Funding needs for transit and roads in King County
King County Road Services
manages 1,500 miles of county roads and 180 bridges that carry more than 1 million trips per day. The 250,000 residents of unincorporated areas receive roadway, drainage, shoulder, and right-of-way maintenance and operations services directly from King County. These systems were built over many generations and range from poor condition to newly built. An asset management analysis found that asset conditions are becoming increasingly poor.
The funding Road Services receives from local property tax, gas tax and grant funding has declined by one-third since 2009. The amount of revenue available for the county road system is projected to be an average of $90 million per year for 2014 through 2024, while the annual investment necessary to maintain the current condition of the existing road system is about $200 million. Learn more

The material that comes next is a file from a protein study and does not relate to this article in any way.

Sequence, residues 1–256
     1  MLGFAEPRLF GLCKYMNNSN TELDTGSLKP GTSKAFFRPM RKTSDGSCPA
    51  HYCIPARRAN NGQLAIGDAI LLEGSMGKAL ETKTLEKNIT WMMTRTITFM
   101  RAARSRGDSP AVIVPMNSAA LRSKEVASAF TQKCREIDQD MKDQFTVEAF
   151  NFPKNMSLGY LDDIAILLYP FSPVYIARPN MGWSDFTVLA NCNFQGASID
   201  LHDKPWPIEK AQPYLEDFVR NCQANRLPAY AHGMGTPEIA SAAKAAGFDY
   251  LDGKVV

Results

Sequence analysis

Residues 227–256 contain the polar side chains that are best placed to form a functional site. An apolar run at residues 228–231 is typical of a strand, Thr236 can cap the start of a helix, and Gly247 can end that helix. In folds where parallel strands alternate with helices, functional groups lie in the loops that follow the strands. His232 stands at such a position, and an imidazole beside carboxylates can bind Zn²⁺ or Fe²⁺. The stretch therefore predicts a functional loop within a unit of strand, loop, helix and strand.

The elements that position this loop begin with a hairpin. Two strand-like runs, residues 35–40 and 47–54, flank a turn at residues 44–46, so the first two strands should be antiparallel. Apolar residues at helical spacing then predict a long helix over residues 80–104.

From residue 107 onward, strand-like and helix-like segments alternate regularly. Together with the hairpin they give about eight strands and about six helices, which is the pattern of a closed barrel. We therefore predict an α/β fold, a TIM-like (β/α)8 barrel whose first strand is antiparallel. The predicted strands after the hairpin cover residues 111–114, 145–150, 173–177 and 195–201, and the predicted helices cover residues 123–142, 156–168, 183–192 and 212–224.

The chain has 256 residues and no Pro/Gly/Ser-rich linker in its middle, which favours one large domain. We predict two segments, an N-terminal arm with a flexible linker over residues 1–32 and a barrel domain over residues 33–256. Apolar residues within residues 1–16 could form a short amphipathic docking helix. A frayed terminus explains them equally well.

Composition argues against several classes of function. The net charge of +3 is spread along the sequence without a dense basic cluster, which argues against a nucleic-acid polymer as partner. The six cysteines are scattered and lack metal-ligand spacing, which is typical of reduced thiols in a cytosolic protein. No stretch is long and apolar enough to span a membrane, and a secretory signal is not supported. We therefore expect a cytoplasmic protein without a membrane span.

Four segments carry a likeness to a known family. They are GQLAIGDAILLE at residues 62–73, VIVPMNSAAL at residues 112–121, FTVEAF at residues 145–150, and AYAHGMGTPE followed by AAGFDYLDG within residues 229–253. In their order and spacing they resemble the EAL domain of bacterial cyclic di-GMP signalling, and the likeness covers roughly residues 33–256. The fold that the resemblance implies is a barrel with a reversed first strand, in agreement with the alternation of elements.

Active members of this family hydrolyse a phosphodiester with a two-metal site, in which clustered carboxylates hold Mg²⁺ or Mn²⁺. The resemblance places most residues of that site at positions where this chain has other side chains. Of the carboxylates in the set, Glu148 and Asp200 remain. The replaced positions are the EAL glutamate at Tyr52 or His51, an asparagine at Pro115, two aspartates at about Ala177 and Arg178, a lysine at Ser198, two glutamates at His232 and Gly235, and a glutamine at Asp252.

provides a range of public transportation services including buses, vanpools, and paratransit service for people with disabilities. Metro provided nearly 118 million passenger trips in 2013.
Metro receives about half of its operating funds from sales tax, and funding from this source fell during the economic downturn. Metro has cut costs, made operations more efficient by following recommendations of an independent performance audit, tapped reserve funds, found new sources of revenue, and raised fares four times in four years (a total 80 percent increase). These and other actions have saved or raised $798 million, preserving most bus service between 2009 and 2013. But after temporary funding runs out in mid-2014, Metro's annual revenue will fall as much as $75 million short of what is necessary to maintain current service. If no new funding becomes available, Metro is planning to cut up to 17 percent of service beginning in fall 2014. Learn more